Freshwater biodiversity is in a state of crisis due to large dams, water diversions and pollution.
In the last forty years, freshwater species have lost, on average, over 80% of their populations; they’re declining twice as fast as land and marine species.
Large dams fragment rivers and habitats, isolating species, interrupting the exchange of nutrients between ecosystems, and cutting off migration routes. They reduce water and sediment flows to downstream habitat, and can decimate a river’s estuary, where many of the world’s fish species spawn. Dams also increase ecosystems’ vulnerability to threats like climate change.
What We Can Do to Protect Freshwater
Free-flowing rivers are the safety net that supports our existence. To reverse the biodiversity crisis, we must stop dam-building and destructive development in biodiversity hotspots, legally protect the most biodiverse rivers from development, and decommission the planet’s most lethal dams.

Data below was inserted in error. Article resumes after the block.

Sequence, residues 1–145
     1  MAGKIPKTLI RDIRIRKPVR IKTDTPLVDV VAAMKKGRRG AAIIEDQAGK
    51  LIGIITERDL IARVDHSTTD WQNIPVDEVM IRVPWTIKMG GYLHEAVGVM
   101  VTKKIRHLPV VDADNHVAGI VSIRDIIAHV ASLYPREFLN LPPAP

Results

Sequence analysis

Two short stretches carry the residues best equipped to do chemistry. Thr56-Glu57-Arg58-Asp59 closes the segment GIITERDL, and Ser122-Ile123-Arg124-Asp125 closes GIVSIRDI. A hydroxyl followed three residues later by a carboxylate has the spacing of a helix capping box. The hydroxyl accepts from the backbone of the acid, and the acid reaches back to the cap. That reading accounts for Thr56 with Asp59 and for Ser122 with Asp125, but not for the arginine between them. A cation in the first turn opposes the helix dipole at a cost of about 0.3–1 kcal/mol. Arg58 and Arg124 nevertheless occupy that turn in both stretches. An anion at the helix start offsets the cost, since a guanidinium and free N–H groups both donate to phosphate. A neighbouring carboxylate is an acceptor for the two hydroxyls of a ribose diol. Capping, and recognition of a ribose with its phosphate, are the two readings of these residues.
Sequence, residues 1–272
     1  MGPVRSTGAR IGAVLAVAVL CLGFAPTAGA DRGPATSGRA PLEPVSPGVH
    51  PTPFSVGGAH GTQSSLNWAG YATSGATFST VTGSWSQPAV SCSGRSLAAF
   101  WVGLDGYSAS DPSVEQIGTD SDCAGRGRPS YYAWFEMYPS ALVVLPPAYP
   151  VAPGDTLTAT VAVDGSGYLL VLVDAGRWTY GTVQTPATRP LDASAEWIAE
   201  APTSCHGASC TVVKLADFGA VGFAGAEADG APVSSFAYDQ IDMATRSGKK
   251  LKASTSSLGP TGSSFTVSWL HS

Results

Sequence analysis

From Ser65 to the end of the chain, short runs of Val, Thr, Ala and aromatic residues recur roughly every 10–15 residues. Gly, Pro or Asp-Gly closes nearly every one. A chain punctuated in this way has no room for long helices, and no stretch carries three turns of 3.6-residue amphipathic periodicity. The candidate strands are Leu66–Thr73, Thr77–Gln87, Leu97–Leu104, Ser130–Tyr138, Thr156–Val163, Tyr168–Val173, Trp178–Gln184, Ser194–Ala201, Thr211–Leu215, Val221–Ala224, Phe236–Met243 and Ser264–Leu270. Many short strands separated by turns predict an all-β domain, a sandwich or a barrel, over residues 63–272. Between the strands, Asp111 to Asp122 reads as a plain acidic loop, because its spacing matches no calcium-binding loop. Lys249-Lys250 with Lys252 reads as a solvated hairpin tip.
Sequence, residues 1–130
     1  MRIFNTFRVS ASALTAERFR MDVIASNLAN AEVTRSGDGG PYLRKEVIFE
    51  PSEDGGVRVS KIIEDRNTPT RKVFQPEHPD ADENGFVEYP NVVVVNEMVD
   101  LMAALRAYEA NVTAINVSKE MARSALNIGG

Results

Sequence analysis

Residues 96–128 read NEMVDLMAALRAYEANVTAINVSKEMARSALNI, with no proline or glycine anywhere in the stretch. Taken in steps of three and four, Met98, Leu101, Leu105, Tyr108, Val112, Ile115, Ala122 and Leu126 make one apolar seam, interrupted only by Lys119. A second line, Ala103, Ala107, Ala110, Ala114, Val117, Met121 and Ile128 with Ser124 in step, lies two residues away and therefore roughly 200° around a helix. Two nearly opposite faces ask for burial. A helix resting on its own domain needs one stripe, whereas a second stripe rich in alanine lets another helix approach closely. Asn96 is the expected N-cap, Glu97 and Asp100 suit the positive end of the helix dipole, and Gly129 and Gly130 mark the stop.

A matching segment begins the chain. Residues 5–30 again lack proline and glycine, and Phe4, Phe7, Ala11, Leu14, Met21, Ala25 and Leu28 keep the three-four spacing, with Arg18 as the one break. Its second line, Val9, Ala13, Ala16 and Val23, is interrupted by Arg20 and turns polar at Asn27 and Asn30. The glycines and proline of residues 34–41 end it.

Sign the Petition:
Protect critical rivers now!
The earth’s water cycle is under attack, led by corporations that are damming and polluting rivers. Sign the global call to permanently protect Patagonian rivers that help us fight climate change.
Since 1970, the global populations of freshwater species have declined by more than 80%. Without immediate action to protect rivers, we’ll lose an immense amount of freshwater biodiversity.
- Migratory river fish populations plunge 76% in past 50 years (The Guardian, 2020)
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- Rivers Are Key to Restoring the World’s BiodiversityBy: Alessandra Korap Munduruku, Darryl Knudsen, Irikefe V. Dafe This article was originally featured on Independent Media Institute Biodiversity is plummeting, but restoring rivers could quickly reverse this disastrous trend. In October 2021,…
- United for Restoration and a Just Recovery: How protecting biodiversity and advancing climate and economic justice is the recovery we needThis year, Earth Day and UN World Environment Day both focus on restoration, for good reason; 97% of Earth’s land area may no longer be ecologically intact. If we don’t urgently make…